The Gershwin gaiety

The music of George and Ira Gerswhin is having a second spring on Broadway in ''My One and Only.'' Actually it's closer to a sixty-second spring. Their brilliant matchings of melodies (George) and words (Ira) have never gone into hibernation since ''Lady, Be Good!'' and ''Someone to Watch Over Me'' lighted up the 1920s.

No wonder that, when George passed on many years ago, Ira felt a deep despondency - until he put on a Fred Astaire-Johnny Green recording of their music.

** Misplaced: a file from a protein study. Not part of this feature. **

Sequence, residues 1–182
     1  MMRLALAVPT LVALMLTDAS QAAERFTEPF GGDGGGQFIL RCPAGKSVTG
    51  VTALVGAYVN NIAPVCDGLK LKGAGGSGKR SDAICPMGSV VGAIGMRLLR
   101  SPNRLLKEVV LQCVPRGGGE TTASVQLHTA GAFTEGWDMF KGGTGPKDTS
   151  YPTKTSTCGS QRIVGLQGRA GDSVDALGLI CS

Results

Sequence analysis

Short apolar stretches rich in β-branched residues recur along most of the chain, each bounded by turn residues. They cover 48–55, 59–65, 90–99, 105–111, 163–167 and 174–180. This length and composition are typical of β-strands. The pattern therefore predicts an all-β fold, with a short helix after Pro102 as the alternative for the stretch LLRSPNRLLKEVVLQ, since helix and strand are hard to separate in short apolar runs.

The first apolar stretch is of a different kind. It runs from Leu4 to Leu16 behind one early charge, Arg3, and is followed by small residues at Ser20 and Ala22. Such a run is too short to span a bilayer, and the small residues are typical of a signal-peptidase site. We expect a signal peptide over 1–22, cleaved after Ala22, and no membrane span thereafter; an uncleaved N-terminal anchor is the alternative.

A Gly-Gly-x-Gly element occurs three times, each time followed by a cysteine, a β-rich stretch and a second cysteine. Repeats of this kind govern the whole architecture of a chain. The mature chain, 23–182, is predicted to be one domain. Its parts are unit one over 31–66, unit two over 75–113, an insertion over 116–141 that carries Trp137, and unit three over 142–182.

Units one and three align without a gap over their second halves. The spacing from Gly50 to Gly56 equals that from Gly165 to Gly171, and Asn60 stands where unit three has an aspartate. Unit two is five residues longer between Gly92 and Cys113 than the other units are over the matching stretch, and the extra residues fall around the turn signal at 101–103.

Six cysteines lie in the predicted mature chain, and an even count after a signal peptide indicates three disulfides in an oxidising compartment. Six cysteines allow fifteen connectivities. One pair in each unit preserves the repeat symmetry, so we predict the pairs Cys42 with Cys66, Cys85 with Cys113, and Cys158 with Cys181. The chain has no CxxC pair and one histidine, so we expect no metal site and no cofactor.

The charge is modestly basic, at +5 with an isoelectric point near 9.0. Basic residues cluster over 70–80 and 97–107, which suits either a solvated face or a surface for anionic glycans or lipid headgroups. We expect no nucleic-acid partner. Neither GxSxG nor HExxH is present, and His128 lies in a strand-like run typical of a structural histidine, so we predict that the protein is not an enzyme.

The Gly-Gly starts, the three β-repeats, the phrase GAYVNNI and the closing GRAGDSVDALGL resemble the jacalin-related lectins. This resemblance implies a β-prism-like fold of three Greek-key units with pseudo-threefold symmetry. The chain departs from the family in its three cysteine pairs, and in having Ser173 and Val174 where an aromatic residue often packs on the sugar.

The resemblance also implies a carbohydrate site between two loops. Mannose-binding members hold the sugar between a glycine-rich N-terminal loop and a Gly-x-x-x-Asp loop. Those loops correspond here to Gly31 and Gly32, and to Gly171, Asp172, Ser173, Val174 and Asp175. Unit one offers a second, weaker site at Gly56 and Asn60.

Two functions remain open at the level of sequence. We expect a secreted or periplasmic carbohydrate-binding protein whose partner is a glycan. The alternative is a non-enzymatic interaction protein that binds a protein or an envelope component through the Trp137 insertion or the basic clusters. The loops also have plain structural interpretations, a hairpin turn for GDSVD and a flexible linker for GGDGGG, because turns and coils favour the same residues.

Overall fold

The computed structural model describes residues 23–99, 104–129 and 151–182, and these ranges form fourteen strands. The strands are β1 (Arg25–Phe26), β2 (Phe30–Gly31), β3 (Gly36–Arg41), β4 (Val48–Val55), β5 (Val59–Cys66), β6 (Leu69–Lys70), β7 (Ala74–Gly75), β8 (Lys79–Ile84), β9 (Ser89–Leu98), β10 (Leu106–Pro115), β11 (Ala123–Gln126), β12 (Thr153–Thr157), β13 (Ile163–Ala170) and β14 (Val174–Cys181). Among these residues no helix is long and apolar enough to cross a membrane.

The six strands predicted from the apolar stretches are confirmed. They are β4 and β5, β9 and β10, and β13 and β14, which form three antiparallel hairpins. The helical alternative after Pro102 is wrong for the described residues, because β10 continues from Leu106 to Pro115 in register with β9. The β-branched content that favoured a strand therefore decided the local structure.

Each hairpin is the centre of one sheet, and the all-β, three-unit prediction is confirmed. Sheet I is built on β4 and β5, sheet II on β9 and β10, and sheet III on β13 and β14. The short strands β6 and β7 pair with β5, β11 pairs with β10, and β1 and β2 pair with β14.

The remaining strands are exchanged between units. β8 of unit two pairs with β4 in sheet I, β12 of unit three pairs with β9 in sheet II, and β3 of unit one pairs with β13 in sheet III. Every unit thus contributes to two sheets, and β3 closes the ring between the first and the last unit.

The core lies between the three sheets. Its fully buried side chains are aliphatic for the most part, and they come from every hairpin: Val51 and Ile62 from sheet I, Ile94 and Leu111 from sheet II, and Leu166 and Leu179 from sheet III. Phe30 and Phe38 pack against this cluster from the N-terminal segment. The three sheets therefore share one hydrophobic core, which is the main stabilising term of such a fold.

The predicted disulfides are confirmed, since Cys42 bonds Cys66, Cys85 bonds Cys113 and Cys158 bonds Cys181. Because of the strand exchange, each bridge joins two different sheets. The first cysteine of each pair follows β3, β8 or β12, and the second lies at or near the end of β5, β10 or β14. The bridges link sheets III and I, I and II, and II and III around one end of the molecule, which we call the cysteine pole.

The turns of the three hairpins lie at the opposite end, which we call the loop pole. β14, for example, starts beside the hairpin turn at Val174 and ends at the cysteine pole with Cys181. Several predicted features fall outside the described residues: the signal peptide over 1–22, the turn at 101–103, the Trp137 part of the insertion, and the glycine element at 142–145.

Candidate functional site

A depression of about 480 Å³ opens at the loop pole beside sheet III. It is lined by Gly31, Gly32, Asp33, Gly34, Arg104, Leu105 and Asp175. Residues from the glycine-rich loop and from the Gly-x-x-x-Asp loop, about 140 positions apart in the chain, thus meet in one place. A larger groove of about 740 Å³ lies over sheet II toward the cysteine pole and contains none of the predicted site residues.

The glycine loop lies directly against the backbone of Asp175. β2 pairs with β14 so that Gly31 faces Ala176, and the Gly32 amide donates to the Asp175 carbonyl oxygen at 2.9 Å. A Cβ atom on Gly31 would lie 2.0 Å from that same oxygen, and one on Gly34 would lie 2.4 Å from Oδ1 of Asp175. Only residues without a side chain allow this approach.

''In a few moments,'' he wrote, ''the room was filled with gaiety and rhythm, and I felt that George, smiling and approving, was there listening with me - and grief vanished.''

No wonder tha4, wyth Ira's passing last week, we feel a similar sorrow - and then try to honor him by recalling his example, letting the Gershwin gaiety and rhythm fill the room once again. And who needs a recording to remember ''Love walked right in and drove the shadows away . . .''?

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